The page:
The 1988 baseball season was a magical one for the Los Angeles Dodgers as the team defied the odds to win the World Series. Tim Leary, a pitching star at Santa Monica High School in the 1970s, was a key member of that ’88 Dodgers title team.
Leary had a breakthrough season on the mound for the Dodgers in 1988, finishing with 17 wins, six shutouts and a 2.91 ERA. The right-handed hurler was named the “Sporting News” Comeback Player of the Year for his regular season performance.
L.A.’s ace that season was Cy Young Award winner Orel Hershiser, who gave one of the all-time heroic pitching performances in post-season history. Another star of that season was slugger Kirk Gibson, who blasted a dramatic ninth-inning home against the favored Oakland Athletics in game one of the World Series. It was the “shot heard round the world” and helped the Dodgers beat the A’s for the title.
It’s been 27 years since and counting since the Dodgers have won the World Series, and recently Leary looked back on memories of that magical ’88 season.
“The team really started to come together in July as we started playing well after the All-Star Break. I think we won five games in a row and it coincided with my start of winning 10 games after the All-Star break,” Leary said. “By mid-August our chemistry was that of a team that had been together for many years. It was a huge testament to Gibson, manager Tommy Lasorda, and (catcher) Mike Scioscia.”
The Dodgers won the National League West Division by seven games over the Cincinnati Reds. In the playoffs, the Dodgers beat the New York Mets and then pulled off one of the great upsets in beating powerful Oakland.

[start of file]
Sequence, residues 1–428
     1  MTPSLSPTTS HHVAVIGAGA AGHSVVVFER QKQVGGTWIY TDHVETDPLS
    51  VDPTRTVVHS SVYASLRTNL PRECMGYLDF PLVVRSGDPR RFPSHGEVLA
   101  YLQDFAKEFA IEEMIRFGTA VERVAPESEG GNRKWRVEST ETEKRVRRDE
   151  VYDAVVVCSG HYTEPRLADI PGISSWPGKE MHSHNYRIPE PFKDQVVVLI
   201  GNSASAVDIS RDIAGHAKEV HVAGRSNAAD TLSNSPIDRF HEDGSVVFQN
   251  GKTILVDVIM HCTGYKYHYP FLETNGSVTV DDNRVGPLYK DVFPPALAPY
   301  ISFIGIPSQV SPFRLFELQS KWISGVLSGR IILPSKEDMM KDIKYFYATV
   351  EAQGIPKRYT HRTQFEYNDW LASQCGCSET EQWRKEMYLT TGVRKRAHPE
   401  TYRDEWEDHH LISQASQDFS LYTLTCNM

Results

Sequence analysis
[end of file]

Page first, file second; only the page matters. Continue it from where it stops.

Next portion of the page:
“We were in every game as our pitching was unbelievably consistent from one through 10,” Leary recalled. “And every pitcher threw in relief that year. Orel (Hershiser) and I were the top two pitchers that year with Fernando (Velenzuela) mainly pitching on guts. He finally had to go on the DL because of a worn out shoulder. Tim Belcher was a swingman who had finally found command of a fastball and slider. He had wins as a starter and saves as a reliever and won the NL Rookie Pitcher of the Year.”
The Dodgers relied on several role players that special season.
“There was a group of players like ‘The Energizer’ Steve Sax, Mickey Hatcher, and the ‘Old Bull’ Rick Dempsey, who was the perfect number two catcher for that team.”
One of the star players was Kirk Gibson, who fought through an injury to hit his dramatic home run off Oakland’s superstar relief pitcher Dennis Eckersley in game one of the World Series. At the time, Eckersley was considered nearly unhittable as a relief pitcher, while Gibson was less than 100 percent when he went up to the plate.
“We were all expecting Eckersley to throw a slow slider on a 3-2 count to a left-handed hitter, and Gibby hit it perfectly,” Leary recalled.
The rest is history as manager Tommy Lasorda and players crashed the field in jubilation. Leary said that playing for Lasorda “just meant playing at a very high level. The Dodgers knew that to win you have to out-pitch everybody.”
Leary played for other teams during his Major League career including a stint in New York, but his time with Los Angeles in 1988 will always be a year to treasure.
“It was the best pro baseball year of my life,” he said.